DUBAI—I've just arrived here for a conference, and everyone is talking about the city's new Metro, a futuristic elevated train that soars high above the desert floor as smoothly as a magic carpet over the Arabian sands.
Opened in September, the state-of-the-art system (the photo, left, was taken with my less-than-state-of-the-art phone camera) links Dubai airport with the Jebel Ali district on the far side of town, a distance of 31 miles. For much of its length, the line runs alongside busy busy busy Shaikh Zayed Road, one of the main thoroughfares. It's satisfying to be on one of the trains, clipping along at 55 mph, while below you Zayed Road is illuminated with thousands of brake lights as traffic crawls to a stop, which tends to happen more and more often these days.
The Dubai Metro is the longest automated driverless metro in the world—a source of pride in the United Arab Emirates but also a potential problem.
This week, American, Continental, Delta/Northwest, Southwest, United, and US Airways announced fare increases that range from $5-10 for short hops to $8-16 for flights farther than 751 miles—a move that will result in millions in profit for the beleaguered airline industry.
In the plus column, the airlines haven’t ascribed new fare hikes to “amenities” like those HandiWipe headrest covers or, you know, lighting and oxygen in the cabins, but FareCompare.com, a site that tracks ticket pricing, reports that airlines are ganging up to raise fares nonetheless.
A few weeks ago we reported on airlines cutting flights to match falling demand and save money. Another way the shrinking industry is offsetting losses is by introducing new fees.
It’s no secret that airlines, both here and abroad, have been sticking it to passengers, charging us for everything from checked baggage to blankets—even water. (A recent report from the Department of Transportation's Bureau of Transportation Statistics reveals airlines made an incredible 3.8 billion on such fees in the first six months of this year alone.)
Next week, however, the airline industry will hit a new low in its quest to separate travelers from their hard-earned dollars.
Tomorrow, September 22—besides being the first day of fall—also marks the 10th annual World Carfree Day! It’s not that we’re anti-driving (far from it), but it’s a great moment to consider using public transportation when you’re on a trip. The bonuses: you travel like a local, save money, and usually get there faster. Here are some tips to get you started:
Ready to ditch the humid summer heat of the East Coast? Hankering to go on a foodie tour of San Francisco’s North Bay or dine at some of the World’s Best Oyster Bars in the Bay Area or Seattle?
Good news, because West Coast airfares from New York City on Virgin America airlines (voted “Best Domestic Airline” in T+L’s 2009 World’s Best Awards) just dropped to $109 each way. Offers are good to these West Coast cities, and more:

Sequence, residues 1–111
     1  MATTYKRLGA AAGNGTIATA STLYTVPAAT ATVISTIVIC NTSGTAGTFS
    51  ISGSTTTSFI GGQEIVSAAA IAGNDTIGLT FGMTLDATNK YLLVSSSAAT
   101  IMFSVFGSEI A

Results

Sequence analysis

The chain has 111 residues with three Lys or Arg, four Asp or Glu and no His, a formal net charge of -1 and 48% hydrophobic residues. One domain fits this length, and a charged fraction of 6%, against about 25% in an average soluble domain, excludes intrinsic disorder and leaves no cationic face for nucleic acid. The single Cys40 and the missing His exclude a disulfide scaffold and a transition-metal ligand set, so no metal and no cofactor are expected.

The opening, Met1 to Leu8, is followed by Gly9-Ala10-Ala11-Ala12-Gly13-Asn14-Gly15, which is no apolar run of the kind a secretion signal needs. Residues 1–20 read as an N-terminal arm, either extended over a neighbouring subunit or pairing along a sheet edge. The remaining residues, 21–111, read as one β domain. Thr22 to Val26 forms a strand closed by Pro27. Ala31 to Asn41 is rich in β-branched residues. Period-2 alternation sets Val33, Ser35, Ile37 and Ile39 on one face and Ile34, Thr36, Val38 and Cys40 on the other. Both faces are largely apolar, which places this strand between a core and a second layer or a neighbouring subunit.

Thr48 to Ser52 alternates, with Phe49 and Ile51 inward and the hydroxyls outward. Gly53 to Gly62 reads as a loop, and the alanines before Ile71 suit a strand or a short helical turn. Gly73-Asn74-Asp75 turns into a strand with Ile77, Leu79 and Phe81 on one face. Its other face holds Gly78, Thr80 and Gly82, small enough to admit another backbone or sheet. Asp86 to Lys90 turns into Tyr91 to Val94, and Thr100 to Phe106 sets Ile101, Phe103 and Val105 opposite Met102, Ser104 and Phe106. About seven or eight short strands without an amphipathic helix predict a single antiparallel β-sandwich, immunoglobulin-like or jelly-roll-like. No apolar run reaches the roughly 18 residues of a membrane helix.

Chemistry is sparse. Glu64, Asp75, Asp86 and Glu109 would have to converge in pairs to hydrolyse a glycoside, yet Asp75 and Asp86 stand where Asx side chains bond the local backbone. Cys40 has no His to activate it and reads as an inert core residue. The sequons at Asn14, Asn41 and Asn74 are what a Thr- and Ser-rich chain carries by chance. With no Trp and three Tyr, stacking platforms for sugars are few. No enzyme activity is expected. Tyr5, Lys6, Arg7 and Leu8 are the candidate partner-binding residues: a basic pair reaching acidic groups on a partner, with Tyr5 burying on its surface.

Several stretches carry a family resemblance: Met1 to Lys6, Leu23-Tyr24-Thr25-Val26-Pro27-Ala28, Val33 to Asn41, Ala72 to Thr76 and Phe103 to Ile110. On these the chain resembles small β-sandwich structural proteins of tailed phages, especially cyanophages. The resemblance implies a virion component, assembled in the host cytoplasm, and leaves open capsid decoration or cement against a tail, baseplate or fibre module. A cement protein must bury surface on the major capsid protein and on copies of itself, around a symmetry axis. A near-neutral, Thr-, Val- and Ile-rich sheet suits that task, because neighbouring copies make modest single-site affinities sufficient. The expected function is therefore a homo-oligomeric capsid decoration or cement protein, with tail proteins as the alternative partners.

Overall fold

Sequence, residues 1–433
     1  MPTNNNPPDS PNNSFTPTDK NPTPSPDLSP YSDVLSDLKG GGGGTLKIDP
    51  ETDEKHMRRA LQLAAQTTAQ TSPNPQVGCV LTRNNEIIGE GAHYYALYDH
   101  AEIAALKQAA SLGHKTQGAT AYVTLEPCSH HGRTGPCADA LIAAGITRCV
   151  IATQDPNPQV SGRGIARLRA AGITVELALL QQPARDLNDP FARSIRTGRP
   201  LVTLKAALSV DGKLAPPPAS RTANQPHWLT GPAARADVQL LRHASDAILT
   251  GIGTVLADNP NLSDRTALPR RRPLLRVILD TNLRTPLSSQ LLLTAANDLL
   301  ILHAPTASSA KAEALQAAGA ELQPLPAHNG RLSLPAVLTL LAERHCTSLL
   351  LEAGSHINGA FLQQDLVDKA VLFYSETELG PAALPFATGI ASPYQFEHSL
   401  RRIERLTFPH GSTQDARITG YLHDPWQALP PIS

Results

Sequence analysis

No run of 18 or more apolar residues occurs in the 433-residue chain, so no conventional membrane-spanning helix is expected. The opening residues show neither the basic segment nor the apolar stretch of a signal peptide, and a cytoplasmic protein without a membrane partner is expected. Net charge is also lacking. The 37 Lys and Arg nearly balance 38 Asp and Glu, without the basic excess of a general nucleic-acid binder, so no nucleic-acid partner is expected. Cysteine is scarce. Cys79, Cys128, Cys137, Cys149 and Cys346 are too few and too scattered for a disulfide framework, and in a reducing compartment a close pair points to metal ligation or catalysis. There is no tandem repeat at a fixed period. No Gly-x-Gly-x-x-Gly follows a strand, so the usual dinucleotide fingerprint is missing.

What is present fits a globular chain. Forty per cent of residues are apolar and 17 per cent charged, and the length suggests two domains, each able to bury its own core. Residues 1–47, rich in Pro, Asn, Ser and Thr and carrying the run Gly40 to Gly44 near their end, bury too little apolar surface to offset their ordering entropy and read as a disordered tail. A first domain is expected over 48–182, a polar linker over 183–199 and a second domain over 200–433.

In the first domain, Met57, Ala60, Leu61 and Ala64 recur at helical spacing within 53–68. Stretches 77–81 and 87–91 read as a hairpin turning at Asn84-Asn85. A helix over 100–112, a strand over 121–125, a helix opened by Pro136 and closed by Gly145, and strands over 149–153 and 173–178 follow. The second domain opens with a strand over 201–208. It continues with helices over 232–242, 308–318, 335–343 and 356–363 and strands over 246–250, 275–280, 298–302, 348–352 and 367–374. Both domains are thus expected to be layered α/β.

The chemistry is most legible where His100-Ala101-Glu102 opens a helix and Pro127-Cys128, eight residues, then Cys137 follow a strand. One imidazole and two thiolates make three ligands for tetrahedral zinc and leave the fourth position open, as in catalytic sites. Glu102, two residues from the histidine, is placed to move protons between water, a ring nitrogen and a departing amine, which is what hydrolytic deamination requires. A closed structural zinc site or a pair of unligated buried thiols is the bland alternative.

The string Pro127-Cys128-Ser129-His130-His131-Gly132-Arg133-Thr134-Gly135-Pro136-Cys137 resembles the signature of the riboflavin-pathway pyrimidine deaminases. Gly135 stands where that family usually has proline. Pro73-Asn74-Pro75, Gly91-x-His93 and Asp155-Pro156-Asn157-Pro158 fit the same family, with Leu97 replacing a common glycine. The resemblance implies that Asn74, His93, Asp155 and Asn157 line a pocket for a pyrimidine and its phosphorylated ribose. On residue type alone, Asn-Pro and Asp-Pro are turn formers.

The $109 fare is available for travel on Monday-Thursday and Saturdays between Aug. 28-Nov.18, Dec. 2-16 and Jan. 6- Feb. 10 (Friday and Sunday flights cost an extra $25). Tickets are on sale through September 8, but book quickly as certain flights may sell out.
For more information or to book, visit Virgin America.
Lyndsey Matthews is an editorial intern at Travelandleisure.com
Photo courtesy of Lyndsey Matthews
Attention would-be jetsetters, adventurers, vagabonds, and nomads: It’s time to call in that month-long sabbatical you've been due at work!
JetBlue has just announced an unprecedented deal aimed at people with a serious case of wanderlust. Through August 21, the airline is selling a month-long “All-You-Can-Jet” pass for $599 that offers travelers unlimited flights between September 8 and October 8, 2009 to any of the airline’s 56 destinations.
I admit it: I may the only Brooklynite left who hasn’t jumped on the bicycle trend. (Blame my Minnesota roots: I remain loyal to the birthplace of the Rollerblade.) But though I don’t own a bike at home, I do love to hop on two wheels to explore a city while on vacation, and am pleased report that more and more hotels are pedaling to, well, urban pedalers.
Have you visited Bing.com yet? I mentioned it briefly on Weekend Today a few weeks ago, but if you’re unfamiliar, Bing.com is Microsoft’s new search site—and its travel section is my current obsession.
I’m not sure about you, but when it comes to booking a flight, I get a little anxious. Is this the best fare possible? Am I going to get an Airfarewatchdog deals email and see that my $357 round-trip to Miami is now $275? Don’t fret: Help is on the way.
What is being touted as the most luxurious train in the world is now accepting bookings for its first season. And trust me, this ain’t Amtrak.
The Maharajas’ Express has four itineraries of six and seven nights and takes passengers to some of the most exotic destinations on the subcontinent, including Jaipur, Agra (home to the Taj Mahal), Varanasi, Delhi, Mumbai, and Udaipur (voted the best city in the known universe in the 2009 World’s Best Awards), among many others.